Virgin Islands National Park is easily one of the most beautiful Carribbean parks in the world, and has remained so since its creation. In 1956, Rockefeller Interests (the investment group started by wealthy American industrialist J. D. Rockefeller) purchased a large section of land on St. John, one of the smaller of the U.S.-owned Virgin Islands, and transferred it to the U.S. Government for designation of a national park. Six years later, the government enlarged the land plot purchased by Rockefeller Interests, increasing the borders to include the miles of beautiful underwater reefs and caves. It now totals over 5,650 acres.

The park is very accessible, with visitors able to take boat trips around the reefs, as well as ferry a car from St. Thomas to use as transportation on the few roads that cover the island of St. John. The reefs themselves are open for public viewing, and it is not uncommon to see local boats anchored near the shore, its owners enjoying the beautiful splendor of their surroundings.

Home to several endangered species, the park is frequented by both the hawksbill and green turtles, which are very often seen by divers and snorkelers. Many other docile aquatic life is commonplace, as are the more dangerous types, such as barracudas and sharks.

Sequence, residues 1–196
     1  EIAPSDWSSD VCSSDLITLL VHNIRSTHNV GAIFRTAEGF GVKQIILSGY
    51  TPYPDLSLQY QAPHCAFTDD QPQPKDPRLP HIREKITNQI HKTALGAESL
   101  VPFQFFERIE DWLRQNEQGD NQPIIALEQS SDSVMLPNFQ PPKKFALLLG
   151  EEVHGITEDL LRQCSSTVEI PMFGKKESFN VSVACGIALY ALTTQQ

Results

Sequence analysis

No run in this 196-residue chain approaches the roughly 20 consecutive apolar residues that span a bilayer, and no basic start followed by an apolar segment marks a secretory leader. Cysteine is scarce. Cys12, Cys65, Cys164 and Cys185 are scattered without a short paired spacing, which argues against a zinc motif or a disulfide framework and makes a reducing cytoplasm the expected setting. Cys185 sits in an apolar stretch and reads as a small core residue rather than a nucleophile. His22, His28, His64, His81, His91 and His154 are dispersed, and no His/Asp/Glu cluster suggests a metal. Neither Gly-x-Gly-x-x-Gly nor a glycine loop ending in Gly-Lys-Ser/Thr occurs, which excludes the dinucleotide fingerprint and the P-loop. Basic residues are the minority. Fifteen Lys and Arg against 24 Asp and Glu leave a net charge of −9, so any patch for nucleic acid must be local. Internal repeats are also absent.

The island itself is a rainbow of beauty. Hundreds of species of birds populate the forests, and it is common to see a wild donkey or two, as well as one of the more interesting inhabitants of the island, the mongoose. Bats, large insects, whitetail deer and plenty of other inhabitants share the park with tourists.

The most welcome sight are the pristine beaches. White sand, soft waves and warm water make spending time in the Virgin Islands National Park seem like heaven. Some beaches are free, others are owned by resorts and cost a small fee to occupy. Generally, the less people on a beach, the more wildlife you will see.

The best activities for visitors are definitely diving and snorkeling. The reefs, caves and coves of the park are breathtaking, and taking an underwater camera is a must. Hundreds of fish and other sealife inhabit just one acre under the warm waves, and it is not uncommon for a swimmer to spend hours in just one spot, enjoying the beautiful underwater sights.

The other popular activity is hiking through the many tropical forests of the Virgin Islands National Park. Many trails have been cut through the brush, allowing for large groups to travel together. Water and refreshments are a necessity, though, as temperatures can reach over 100 degrees.

I had the privilige of spending a full week in the Virgin Islands National Park, and it was probably the best week of my life. I have never seen such incredible beauty in one place, and if you have the opportunity to visit this park, do so immediately. Also, donate some money to the park itself; the money used helps to preserve the beaches and forests, as well as fund new tourist activities.

For more information, visit these websites:

  • http://www.friendsvinp.org/
  • http://www.nps.gov/viis/
  • http://www.virgin.islands.national-park.com/
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